Audience and Play Become One
Marans takes the first five years of the Mattachine Society as the timeline for his play and weaves that period in the early ’50s into an engrossing theater piece. He creates a dark, brooding atmosphere of fear and paranoia as the curtain rises on the first act. Gernreich and Hay meet for coffee at the Chuckwagon Diner in Los Angeles. Both men are on edge and watchful. In the background lurks a mysterious figure, who could be either another diner or an undercover agent.
Throughout the play, the men worry that one of them has spoken too loudly in public, or that the slightest gesture of affection between lovers will be noticed. They even wonder if their telephones are tapped.
“The more the audience and the play are one, the better,” says Marans. In the first act, they become part of the menacing society of which the men are so fearful. The Mattachine members seem aware that there is a dark world out there that is set against them. At the end of the play, the audience is drawn into an emotional benediction scene using some of the actual words from a concluding ritual that was a part of the early Mattachine Society meetings in the ’50s.
For the benediction scene, “each actor was assigned a specific seat in the audience to go to, and then hold the hand of the person sitting there as the benediction is given,” Marans explains. “Sometimes older gay men whose hands were being held would break into tears. The actors often had trouble delivering their lines because they were so overcome by the emotions of the audience members. I included it because I wanted the audience to feel that they were as much a part of the movement as the people on the stage. When you hear Dale say, ‘You are the brave ones, the pioneers—the first to gather in a public place like this,’ the audience should hopefully feel that he is talking to them. It’s sort of a call to action for everyone to stand up and be counted.”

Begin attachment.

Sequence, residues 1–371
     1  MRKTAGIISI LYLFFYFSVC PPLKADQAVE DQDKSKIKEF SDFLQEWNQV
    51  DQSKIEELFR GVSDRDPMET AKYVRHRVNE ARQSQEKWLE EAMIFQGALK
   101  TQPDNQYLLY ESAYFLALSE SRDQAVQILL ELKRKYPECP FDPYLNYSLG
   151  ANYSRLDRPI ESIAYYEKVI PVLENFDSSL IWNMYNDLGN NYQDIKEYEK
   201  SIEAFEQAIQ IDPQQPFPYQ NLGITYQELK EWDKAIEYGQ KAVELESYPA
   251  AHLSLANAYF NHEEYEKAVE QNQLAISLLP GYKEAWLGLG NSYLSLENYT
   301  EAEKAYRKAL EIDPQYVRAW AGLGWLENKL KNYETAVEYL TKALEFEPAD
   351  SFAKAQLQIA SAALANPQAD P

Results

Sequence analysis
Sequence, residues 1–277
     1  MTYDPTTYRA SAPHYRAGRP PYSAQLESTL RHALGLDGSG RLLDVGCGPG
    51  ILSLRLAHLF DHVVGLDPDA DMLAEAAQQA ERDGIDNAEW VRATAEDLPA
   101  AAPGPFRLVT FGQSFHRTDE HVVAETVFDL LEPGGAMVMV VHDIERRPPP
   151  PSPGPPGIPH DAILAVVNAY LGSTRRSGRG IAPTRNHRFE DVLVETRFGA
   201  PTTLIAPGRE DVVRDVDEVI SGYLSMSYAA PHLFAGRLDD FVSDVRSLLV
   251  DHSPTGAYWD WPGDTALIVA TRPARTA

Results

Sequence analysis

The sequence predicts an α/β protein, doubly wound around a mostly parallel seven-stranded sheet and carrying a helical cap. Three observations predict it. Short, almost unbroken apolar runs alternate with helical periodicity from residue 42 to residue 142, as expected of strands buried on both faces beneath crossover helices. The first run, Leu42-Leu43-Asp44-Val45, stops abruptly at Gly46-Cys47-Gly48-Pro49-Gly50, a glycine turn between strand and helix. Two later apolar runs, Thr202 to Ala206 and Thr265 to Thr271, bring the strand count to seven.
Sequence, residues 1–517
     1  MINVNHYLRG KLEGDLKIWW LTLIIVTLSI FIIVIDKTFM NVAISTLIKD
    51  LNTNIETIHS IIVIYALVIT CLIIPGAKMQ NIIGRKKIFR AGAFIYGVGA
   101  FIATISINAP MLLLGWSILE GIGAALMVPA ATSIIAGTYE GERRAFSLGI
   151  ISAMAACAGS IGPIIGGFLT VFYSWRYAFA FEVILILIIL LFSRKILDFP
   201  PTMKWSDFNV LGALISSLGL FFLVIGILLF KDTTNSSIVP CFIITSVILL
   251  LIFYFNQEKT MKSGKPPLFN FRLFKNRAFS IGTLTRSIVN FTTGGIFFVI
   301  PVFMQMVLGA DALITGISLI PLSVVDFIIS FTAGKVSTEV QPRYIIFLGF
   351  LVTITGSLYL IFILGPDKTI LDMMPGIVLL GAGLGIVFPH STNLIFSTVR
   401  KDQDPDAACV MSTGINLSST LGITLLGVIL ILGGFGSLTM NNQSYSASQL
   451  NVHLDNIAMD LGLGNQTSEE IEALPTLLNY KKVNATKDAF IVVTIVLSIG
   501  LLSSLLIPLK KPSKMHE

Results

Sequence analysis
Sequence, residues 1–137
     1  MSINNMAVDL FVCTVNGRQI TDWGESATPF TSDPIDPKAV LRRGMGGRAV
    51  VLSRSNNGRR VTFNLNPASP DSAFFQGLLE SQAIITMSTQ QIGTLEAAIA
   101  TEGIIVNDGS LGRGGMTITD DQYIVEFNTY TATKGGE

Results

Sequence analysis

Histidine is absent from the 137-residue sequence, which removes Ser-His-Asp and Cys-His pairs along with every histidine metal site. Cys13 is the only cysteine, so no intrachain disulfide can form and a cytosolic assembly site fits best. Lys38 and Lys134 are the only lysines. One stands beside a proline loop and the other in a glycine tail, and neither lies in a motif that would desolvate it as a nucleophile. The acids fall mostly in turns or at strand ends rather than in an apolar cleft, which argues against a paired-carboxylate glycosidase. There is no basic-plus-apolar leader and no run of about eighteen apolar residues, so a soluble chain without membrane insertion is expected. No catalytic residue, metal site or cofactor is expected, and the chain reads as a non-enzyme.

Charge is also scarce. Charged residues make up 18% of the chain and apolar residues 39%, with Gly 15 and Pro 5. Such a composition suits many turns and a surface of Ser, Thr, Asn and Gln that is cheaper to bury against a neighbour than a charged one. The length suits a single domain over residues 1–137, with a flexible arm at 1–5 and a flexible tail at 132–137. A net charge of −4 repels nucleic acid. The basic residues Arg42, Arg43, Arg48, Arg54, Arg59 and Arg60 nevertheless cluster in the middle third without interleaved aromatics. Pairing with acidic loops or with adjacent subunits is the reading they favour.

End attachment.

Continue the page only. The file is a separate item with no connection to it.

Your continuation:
Reaching for the hands of audience members also held some surprises for the actors. Sometimes the hand they held was a celebrity such as gay playwrights Edward Albee or Larry Kramer, whom Marans had purposely placed in the seats designated for the benediction interplay.